Neuberger is well versed in the business world, having worked for many years in her family's companies in an array of financial and online capacities. In fact, she was told this was a main factor in the Department of Defense choosing her over many other applicants.

She admits she's constantly straddling the line between concerns over national security on the one hand and civil liberty violations on the other. It's an issue that has resonance for Neuberger. Given her family history, she sees both sides of this complex netherworld all too vividly. To this day her father fears authority figures, even cops who pull him over for minor traffic infractions. She says it's a consequence of his experiences growing up in communist Hungary; in the 1950s, he arrived in the States as a refugee.

All of Neuberger's grandparents are Auschwitz survivors. Seven of her eight great-grandparents did not make it out. The one who survived (a great-grandfather) jumped off a train carrying him to the death camp, she said, adding that her whole family was part of the mass deportation of Hungarian Jews in 1944.

Neuberger's family is wealthy and philanthropic. When her uncle Michael Karfunkel died in 2017, the Forward described him and his brother, George Karfunkel (Neuberger's father), as billionaires. They are among the 100 wealthiest families in America yet virtually unknown outside the Orthodox community. Members of Neuberger's family have doled out hundreds of millions of dollars in grants through their foundations (one is named in honor of her and her husband, Yehuda Neuberger) to, most pointedly, their favored religious and educational institutions within their community.

Neuberger said that she had encountered few problems related to her religion at the NSA and that she was extremely happy to be seen as a role model for Orthodox women. She admits that early on, the holidays she celebrated and the kosher food she ate were alien to her colleagues, but she came to understand that if you are professional in your job and comfortable in adhering to your traditions, everyone will be fine with it.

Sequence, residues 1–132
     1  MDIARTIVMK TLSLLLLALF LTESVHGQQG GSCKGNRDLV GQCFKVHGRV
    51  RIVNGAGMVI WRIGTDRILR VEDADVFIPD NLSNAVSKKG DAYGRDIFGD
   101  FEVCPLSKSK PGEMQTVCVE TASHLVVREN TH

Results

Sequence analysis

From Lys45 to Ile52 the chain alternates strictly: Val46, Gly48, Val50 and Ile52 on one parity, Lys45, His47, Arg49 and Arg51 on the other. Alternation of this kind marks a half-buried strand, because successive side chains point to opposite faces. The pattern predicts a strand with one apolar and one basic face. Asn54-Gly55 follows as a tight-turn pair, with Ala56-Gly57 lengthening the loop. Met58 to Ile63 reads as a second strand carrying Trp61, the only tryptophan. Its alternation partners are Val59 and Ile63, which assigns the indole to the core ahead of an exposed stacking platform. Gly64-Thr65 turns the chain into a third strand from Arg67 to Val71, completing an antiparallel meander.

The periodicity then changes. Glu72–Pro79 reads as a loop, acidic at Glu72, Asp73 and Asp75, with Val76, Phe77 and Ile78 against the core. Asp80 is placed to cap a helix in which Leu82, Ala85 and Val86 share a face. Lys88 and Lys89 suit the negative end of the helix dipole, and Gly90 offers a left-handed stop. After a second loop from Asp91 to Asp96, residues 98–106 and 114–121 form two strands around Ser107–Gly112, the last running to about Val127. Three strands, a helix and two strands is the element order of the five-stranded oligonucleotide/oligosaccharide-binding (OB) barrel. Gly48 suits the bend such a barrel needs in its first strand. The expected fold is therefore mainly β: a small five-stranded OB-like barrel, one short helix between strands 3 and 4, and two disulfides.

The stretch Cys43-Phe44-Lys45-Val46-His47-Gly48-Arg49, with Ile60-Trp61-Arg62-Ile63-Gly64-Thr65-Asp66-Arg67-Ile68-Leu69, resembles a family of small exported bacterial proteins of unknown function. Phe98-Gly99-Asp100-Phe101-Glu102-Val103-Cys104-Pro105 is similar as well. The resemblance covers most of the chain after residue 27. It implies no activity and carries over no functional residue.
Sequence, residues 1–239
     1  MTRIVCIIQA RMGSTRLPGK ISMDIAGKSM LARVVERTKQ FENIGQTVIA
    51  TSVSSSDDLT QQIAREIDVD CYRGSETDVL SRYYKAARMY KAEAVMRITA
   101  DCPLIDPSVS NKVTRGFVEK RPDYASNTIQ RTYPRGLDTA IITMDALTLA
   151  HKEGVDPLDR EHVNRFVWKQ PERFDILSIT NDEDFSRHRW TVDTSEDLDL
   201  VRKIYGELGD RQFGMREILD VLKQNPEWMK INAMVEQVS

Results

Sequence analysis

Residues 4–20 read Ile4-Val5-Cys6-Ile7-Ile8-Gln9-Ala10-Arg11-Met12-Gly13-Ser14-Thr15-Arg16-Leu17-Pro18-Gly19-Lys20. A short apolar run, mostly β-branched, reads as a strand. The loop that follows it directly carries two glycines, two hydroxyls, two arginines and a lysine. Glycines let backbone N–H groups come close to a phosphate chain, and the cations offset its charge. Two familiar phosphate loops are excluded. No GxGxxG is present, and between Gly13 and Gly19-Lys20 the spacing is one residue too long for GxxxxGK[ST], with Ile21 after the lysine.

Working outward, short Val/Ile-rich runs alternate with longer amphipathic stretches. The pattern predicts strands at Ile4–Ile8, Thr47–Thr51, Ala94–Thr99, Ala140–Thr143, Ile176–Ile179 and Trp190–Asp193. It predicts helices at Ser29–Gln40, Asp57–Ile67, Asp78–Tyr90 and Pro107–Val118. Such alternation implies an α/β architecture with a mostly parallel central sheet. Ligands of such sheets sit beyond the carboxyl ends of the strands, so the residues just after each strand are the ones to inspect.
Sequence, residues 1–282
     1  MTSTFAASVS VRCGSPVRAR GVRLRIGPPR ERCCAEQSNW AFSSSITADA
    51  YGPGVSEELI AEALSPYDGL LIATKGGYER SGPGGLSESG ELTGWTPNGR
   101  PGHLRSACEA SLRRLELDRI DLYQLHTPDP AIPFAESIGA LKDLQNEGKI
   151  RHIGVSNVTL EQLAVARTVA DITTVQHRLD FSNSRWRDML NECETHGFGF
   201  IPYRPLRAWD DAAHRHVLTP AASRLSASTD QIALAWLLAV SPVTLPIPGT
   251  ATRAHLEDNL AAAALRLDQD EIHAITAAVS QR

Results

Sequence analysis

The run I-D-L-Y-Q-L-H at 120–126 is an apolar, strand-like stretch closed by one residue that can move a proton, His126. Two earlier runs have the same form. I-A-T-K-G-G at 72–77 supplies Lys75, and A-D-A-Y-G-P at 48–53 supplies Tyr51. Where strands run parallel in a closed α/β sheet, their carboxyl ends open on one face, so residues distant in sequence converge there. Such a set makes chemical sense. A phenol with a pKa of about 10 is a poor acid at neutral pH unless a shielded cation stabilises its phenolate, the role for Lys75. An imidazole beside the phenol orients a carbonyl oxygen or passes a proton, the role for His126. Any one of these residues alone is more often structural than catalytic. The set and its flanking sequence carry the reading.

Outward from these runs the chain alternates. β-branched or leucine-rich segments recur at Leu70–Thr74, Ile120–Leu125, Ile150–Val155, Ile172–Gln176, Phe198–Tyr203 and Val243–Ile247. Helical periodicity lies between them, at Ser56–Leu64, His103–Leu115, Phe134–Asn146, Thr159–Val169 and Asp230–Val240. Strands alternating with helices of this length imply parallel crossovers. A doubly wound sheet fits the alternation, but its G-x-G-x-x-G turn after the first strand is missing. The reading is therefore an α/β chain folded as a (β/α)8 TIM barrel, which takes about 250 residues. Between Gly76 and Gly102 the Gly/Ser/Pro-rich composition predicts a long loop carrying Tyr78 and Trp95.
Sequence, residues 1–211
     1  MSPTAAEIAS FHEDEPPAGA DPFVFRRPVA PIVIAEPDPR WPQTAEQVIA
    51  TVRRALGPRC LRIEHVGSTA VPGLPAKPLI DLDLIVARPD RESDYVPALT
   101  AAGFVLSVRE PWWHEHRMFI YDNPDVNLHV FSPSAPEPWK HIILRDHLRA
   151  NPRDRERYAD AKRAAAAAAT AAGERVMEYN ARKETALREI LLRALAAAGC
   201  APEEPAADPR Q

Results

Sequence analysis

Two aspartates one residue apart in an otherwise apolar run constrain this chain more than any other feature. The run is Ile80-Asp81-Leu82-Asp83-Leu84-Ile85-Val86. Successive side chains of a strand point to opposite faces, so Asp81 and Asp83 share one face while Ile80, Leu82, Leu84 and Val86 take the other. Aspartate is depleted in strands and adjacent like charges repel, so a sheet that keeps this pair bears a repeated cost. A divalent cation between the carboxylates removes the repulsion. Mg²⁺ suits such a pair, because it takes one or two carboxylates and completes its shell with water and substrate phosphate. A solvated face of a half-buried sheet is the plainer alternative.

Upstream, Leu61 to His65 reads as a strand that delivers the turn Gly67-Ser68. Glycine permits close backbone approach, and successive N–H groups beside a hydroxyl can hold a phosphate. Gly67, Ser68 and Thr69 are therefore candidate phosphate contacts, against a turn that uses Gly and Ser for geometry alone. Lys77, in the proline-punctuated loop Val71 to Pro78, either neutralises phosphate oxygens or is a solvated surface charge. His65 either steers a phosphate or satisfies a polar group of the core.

"All my coworkers understand that I don't go out with them for drinks on Friday night and that I observe the Sabbath. In fact, I have assistants who keep their eye on the clock for me Friday afternoons, letting me know that I had better get moving."

From an NPR interview (cited below):

Neuberger insists that religious practices like hers can actually be helpful in dealing with workplace challenges. "The discipline and rigor, the restrictions on what one can eat, the restrictions on how one behaves, I hope I bring that in values, living true to one's values, trying to bring that integrity into the way you approach your job each day and how you interact with people, every single day," she says.

Neuberger's point: Her professional achievements have come not in spite of her faith. They've come because of it.


SOURCES: Compiled and adapted by Yerachmiel Tilles (managing editor of AscentOfSafed.com) from:


An article on her new appointment on Times of Israel.

A detailed interview from 2018 in the Jewish Forward;

A detailed interview from 2015 on NPR (National Public Radio);

A first person article she wrote in 2012 for Jewish Action;